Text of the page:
Not only did the Lithuanian biotechnology and life sciences industry show resilience in the face of the pandemic but it also took this momentum to grow. According to the reports of the State Tax Inspectorate, 300 million euros were contributed to the state budget in taxes during the first half of the year by 100 largest corporate taxpayers, with Thermo Fisher Scientific Baltics being among the largest contributors (more than 100 million euros).
Economy analysts predict that company’s reagent exports could raise Lithuania’s GDP by at least 1 per cent.
The company’s contribution to the state budget was 54 million euros in 2020, to compare with 30.8 million in 2019. The management credits this growth to the huge demand for COVID-19 products, including reagents. According to Algimantas Markauskas, The General Manager of Thermo Fisher Scientific Baltics, the availability of qualified professionals in the market enabled them to expand the Vilnius branch and thus ensure greater efficiency in serving customers all over the world.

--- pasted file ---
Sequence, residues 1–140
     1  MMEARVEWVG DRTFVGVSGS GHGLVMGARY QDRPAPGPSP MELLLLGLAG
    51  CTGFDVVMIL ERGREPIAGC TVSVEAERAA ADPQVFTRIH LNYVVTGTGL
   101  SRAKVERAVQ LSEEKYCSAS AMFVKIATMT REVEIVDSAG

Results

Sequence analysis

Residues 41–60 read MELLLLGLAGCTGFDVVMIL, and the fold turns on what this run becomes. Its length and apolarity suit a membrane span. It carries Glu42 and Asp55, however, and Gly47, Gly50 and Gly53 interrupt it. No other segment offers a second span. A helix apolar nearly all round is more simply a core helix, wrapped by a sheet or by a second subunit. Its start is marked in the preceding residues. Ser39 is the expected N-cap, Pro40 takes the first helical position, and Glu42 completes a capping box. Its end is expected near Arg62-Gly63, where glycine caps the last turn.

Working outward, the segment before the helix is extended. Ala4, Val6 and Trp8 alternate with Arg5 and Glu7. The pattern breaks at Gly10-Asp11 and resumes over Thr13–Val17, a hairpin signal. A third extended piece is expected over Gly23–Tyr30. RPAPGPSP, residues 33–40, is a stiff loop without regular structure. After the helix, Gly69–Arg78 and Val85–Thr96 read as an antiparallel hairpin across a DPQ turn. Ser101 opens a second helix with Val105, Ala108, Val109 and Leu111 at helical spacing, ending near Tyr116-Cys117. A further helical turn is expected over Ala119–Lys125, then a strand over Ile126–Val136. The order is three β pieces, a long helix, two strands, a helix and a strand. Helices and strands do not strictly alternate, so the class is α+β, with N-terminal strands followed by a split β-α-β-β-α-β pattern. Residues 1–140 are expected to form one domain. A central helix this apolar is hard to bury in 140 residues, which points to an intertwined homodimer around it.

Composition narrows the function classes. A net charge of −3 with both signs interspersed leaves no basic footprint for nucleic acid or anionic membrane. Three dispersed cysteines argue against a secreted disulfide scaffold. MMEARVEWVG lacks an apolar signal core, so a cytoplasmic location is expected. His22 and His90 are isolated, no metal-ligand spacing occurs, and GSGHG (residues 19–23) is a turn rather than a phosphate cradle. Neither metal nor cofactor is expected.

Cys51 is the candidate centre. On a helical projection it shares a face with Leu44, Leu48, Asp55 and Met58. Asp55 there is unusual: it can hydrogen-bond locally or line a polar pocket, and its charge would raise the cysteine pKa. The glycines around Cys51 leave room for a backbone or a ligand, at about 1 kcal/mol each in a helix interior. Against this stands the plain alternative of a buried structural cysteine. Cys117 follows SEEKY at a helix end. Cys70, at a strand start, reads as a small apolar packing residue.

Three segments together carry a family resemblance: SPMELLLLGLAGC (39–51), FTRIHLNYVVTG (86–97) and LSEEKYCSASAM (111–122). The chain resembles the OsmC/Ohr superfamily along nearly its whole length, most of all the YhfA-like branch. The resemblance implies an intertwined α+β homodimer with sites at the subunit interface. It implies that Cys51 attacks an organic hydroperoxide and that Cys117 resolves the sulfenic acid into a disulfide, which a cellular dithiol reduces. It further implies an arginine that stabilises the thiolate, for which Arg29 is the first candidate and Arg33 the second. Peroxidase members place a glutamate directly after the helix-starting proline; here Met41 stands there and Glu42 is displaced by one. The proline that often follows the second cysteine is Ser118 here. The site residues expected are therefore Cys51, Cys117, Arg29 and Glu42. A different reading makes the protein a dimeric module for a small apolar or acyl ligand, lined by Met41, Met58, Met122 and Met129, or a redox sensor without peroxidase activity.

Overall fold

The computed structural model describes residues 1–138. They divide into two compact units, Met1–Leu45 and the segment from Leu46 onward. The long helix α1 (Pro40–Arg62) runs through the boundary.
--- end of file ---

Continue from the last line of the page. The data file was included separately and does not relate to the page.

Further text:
Historic highs were reached not only in corporate income tax contribution but also in the payroll, resulting in 1.5 times higher average salary than that in the country. Thermo Fisher Scientific Baltics has a staff of 1.731. It has created over 630 new jobs since the beginning of 2020. Built in 2020, a new production facility has largely expanded company’s reagent production capacities. The average salary now stands at about 2205 euros.
With biotechnology and life sciences gaining firmer ground, the Government has set a goal to increase its GDP share to 5% by 2030, thereby placing Lithuania alongside Singapore, which is one of the global leaders in the field.
Photo: M. Jovaiša